EURORDIS has therefore set the ambitious goal to get 3 to 5 times more new therapies approved per year for 3 to 5 times less of the cost by 2025. In 1999 the EU Orphan Drug Regulation (ODR) came into force, under the ODR 143 new products have been approved so far. The ODR attracts development of new medicines to Europe, thereby speeding up availability to the European market of the resulting products. OI is a relatively rare diagnosis with several new drugs for it in the pipeline – and possibly more in the near future – so the question of availability of new therapies is fully relevant to our community.

New therapies do not always reach the patient
But why is this such an issue? That becomes clear when we look at the chain of events that has to take place before a new therapy becomes available; Investment – Research – Authorization (EU level) – Assessment (mostly supranational) – Price negotiation, Allowance and Reimbursement (national level). Many complications can arise along this chain. Sadly this means potential good therapies sometimes fail to reach the patient. It can be because no agreement can be reached about the price, (very unsatisfying!), or the number of patients is too small to statistically prove efficacy. When an effective therapy exists but is not available for patients this can give rise to – illegal – production of the medication by hospitals, mistrust between parties and most importantly, huge frustration for patients.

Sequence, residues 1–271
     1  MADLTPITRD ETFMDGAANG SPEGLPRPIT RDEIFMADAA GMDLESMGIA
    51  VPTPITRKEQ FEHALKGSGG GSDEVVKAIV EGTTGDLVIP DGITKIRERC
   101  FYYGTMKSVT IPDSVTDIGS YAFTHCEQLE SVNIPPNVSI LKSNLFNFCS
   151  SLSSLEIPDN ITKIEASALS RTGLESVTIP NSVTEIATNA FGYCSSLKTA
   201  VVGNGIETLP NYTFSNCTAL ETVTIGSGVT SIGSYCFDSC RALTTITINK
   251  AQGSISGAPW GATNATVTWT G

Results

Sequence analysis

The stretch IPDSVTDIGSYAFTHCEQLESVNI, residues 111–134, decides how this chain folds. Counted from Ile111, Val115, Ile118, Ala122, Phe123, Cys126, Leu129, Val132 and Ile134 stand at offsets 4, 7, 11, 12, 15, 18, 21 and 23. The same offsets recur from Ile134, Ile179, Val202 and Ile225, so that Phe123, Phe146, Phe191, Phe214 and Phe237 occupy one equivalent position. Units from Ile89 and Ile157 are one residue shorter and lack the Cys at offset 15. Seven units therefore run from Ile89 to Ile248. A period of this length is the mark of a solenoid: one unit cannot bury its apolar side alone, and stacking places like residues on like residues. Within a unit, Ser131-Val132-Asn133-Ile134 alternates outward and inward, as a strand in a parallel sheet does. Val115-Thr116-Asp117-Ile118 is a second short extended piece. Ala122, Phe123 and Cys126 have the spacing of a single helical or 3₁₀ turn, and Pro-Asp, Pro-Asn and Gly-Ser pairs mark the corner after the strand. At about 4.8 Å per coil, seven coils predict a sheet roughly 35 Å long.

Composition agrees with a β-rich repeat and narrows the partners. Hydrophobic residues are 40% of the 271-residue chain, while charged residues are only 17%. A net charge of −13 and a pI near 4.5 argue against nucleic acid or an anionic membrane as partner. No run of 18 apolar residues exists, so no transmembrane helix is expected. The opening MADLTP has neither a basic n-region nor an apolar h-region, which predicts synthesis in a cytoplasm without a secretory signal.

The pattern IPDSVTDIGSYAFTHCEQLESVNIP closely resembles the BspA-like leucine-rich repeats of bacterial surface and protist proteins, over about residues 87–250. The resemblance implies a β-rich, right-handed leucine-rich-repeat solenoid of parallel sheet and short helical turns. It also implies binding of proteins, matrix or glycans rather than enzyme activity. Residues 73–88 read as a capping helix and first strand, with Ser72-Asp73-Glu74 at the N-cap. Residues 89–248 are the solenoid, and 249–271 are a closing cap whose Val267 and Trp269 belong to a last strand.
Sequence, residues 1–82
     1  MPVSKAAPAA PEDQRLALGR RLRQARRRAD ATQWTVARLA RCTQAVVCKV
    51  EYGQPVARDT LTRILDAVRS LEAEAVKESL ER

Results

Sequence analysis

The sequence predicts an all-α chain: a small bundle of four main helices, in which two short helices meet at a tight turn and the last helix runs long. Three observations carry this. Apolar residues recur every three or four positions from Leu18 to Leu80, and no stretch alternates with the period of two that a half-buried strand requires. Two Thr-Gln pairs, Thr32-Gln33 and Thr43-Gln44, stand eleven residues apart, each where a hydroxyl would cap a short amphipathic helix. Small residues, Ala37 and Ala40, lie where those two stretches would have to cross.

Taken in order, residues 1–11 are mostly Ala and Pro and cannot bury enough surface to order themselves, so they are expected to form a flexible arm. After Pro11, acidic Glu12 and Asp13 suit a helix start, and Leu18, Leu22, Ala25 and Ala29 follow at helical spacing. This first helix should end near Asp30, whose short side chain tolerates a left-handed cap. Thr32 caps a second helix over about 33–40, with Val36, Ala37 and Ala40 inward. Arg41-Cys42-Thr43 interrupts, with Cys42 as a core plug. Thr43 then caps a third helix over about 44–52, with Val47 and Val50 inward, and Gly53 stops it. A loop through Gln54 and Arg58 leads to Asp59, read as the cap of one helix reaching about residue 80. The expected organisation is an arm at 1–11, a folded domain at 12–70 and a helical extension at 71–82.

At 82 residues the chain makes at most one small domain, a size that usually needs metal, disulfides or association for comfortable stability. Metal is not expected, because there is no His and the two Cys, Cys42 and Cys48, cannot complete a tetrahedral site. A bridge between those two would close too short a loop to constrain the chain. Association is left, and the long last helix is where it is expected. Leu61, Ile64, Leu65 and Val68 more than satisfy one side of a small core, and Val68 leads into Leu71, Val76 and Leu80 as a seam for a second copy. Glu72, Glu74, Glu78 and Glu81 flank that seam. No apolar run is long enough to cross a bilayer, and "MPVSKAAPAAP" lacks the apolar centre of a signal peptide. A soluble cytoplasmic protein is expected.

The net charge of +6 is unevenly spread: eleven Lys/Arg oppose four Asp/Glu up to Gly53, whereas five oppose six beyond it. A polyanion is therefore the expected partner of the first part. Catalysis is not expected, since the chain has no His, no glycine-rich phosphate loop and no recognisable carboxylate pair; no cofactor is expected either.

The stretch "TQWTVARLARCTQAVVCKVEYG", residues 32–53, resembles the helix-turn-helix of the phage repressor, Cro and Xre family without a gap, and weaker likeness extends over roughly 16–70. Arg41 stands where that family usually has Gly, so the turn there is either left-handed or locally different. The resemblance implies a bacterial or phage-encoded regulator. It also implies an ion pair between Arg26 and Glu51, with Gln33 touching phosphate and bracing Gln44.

The chain of events to reach a new therapy